$Visio = New-Object –ComObject Visio.Application $doc= $Visio.Documents.Add('') $page= $doc.Pages[1] $stencilPath='SERVER_U.VSSX' $stencil=$Visio.Documents.OpenEx($stencilPath,64) $ServerMaster=$stencil.Masters['Server'] $bert=$page.Drop($ServerMaster,5,5) $containerStencil=$Visio.Documents.OpenEx($Visio.GetBuiltinStencilFile(2,2),64) $ContainerMaster=$containerStencil.Masters['Plain'] $container=$page.DropContainer($ContainerMaster,$Bert) 

And of course, that worked just fine on all of the boxes I had. That meant I had code that worked and code that didn’t work on the same box. Sounds like a great opportunity for debugging. I just needed to slowly change the working code until it didn’t work, right? That’s how my brain works, anyway.

Here’s what I came up with:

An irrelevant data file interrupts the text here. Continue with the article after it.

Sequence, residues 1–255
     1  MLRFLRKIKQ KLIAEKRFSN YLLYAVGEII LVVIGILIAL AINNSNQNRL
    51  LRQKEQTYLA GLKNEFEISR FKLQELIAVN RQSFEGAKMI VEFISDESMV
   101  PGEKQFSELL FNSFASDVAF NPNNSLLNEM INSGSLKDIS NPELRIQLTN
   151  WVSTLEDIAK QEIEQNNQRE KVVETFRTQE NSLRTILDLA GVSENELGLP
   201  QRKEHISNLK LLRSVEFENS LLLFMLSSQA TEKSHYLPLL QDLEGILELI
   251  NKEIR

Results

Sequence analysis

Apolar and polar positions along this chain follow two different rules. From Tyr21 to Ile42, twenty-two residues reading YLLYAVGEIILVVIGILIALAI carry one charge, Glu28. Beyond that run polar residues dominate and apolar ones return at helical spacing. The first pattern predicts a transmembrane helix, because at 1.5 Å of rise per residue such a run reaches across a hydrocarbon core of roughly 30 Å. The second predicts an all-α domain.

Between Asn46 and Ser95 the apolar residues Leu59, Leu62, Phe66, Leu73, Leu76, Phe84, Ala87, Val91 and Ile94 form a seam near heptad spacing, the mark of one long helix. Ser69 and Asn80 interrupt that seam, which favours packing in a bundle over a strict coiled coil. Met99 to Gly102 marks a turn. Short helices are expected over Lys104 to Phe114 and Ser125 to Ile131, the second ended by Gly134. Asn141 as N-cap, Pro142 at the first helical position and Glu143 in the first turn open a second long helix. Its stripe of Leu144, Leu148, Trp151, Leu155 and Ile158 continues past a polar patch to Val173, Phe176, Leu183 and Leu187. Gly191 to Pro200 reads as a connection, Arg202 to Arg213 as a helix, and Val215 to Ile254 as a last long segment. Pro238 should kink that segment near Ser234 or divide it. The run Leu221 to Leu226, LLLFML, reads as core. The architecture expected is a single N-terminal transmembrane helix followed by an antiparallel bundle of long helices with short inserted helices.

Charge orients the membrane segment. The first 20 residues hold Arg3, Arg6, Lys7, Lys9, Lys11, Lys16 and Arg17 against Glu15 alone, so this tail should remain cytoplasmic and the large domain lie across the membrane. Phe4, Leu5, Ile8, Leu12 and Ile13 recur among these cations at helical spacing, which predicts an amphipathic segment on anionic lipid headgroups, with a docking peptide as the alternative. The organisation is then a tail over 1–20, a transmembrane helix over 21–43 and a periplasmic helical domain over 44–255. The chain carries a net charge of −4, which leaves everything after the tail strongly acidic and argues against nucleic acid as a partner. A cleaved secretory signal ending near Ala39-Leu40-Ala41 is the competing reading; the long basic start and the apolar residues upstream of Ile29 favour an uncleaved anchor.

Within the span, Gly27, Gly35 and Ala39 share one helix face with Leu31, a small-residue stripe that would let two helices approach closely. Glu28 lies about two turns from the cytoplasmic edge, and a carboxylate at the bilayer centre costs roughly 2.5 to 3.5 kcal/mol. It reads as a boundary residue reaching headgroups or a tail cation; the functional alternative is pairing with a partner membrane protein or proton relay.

Import-Module c:\temp\VisioBot3000 -Force


New-VisioDocument C:\temp\VisioPrimitives1.vsdx 
$doc= $visio.ActiveDocument

Register-VisioStencil -Name Containers -BuiltIn Containers
Register-VisioStencil -path SERVER_U.VSSX -name Servers
Register-VisioShape -Name WebServer -From Servers -MasterName Server
Register-VisioContainer -Name Domain -From Containers -MasterName 'Plain'


New-VisioContainer -shape Domain -Label MyDomain -contents {
		    New-VisioShape -master WebServer -Label PrimaryServer -x 5 -y 5

That code works, and uses VisioBot3000 functions for just about everything. Notice the three variable assignment lines. They don’t have any logical effect on the code. The $foo variable is not used. However, if I leave the line assigning to $foo out, it stops working.

Import-Module c:\temp\VisioBot3000 -Force


New-VisioDocument C:\temp\VisioPrimitives1.vsdx 
$doc= $visio.ActiveDocument

Register-VisioStencil -Name Containers -BuiltIn Containers
Register-VisioStencil -path SERVER_U.VSSX -name Servers
Register-VisioShape -Name WebServer -From Servers -MasterName Server